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Vital Financial Decisions to Make in Your 30s



Reaching your 30s is like being at the crossroads of life – when you think more seriously about important goals in life, whether personal or financial. While some decisions can be postponed, such as career moves, getting married or having children, some vital financial decisions cannot be delayed without long-term adverse effects.

Certain financial decisions can produce slow but big impact on your future life. To secure your financial well-being and to achieve your objectives, such decisions must be made at the proper time. Consider these seven principal financial guidelines when you are in your 30s.

1. Set up an emergency fund

Anyone who receives a paycheck must set up an emergency fund, in case you stopped receiving one and have to pay your bills. What if your car suddenly broke down? Do you have the extra money for repairs?  A contingency fund will allow you to go on with your life as usual without getting into debt or getting disoriented.

You can begin by putting away enough money for three months’ worth of your personal expenses and slowly increase your emergency fund to incorporate six months’ worth of your expenses. No matter how small it might be, if you have such limited budget, build that emergency fund. For instance, set aside an hour’s worth of your salary per workday after you receive your weekly check and work up to two hours’ worth of wages per workday whenever you can afford it. In case that is not viable, set aside $50 each week ($200 per month) and build it up to $75 weekly or more when you are capable. Avail of automatic transfers from your check to your savings account to make regular deposits into your fund.

2. Create a payment strategy

Once you reach 30, resolve to establish a sound foundation for a secure future and begin by paying off your debt. There are good and there are bad debts. School loans and home mortgages are good and necessary at times; however, high-interest credit-card debts or personal debts can cause so many problems. Deal with both kinds with dispatch.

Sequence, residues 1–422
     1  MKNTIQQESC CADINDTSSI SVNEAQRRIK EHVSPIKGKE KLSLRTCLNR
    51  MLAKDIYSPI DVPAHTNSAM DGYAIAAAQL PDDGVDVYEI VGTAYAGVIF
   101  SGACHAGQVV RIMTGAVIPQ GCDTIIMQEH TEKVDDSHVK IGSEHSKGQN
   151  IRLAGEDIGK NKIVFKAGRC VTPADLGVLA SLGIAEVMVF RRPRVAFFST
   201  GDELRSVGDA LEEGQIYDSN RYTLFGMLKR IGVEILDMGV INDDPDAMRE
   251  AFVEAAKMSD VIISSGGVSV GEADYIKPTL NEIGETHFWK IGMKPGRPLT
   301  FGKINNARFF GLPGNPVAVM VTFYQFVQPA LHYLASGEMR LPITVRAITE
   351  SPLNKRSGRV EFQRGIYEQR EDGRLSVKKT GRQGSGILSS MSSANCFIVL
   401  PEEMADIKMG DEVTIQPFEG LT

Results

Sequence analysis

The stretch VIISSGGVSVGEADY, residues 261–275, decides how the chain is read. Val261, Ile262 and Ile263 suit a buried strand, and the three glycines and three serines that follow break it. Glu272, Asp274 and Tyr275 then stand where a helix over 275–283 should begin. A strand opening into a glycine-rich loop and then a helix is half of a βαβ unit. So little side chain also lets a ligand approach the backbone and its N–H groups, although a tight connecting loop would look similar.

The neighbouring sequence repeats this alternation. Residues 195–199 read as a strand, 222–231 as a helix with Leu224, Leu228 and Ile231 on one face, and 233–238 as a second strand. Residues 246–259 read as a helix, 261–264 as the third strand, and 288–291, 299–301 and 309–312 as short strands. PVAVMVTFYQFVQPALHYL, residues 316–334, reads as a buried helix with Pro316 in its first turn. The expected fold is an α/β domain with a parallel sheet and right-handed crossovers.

Your best approach is to pay off debts with the highest interest rate before others. Hence, prioritizing a credit-card debt that charges 22% interest rate would save you more of your money’s value than clearing a home mortgage loan that charges only 4%. Seek the assistance of a debt management expert to determine the most efficient way to resolve your debt issues.

3. Begin or Keep maxing out your 401(k)

It is far better to max out your 401(k) or other retirement plans than your credit cards. Your age is the ideal time.

Contribute as much money as you can afford to your employer-sponsored retirement plan. In case you still cannot pay the maximum contribution limit, at least contribute enough to benefit your employer’s matching contribution, if you are allowed. That is free money you should use. In case your company offers no retirement plan, acquire a regular IRA or Roth IRA account. An IRA allows you to contribute a maximum of $5,500 in a year.

For self-employed individuals who cannot avail of a employer-sponsored retirement package, set up your own. There are common alternatives you can choose from, such as the self-directed Solo 401(k) for owner-exclusive enterprises or the self-employed, SEP IRA or SIMPLE IRA plan. For such plans, here are the yearly contribution limits:

Solo 401(k): Maximum of $53,000 for 2016, including catch-up contributions of $6,000 for individuals above 50 years old.

SEP IRA: Maximum of $53,000, or 25% of compensation.

SIMPLE IRA: Maximum of $12,500, including catch-up contributions of $3,000 for individuals above 50, if allowed.

4. Go investing now

Being in your 30s is your best asset; investing now is also to your advantage. Take the case of two actual investors. Steve began investing $1,000 monthly at 30 until he reached 40. Although he stopped investing, he did not take out his investment and left it to grow until he retired at 60. Bob, at 40, began investing $1,000 month until he reached 60.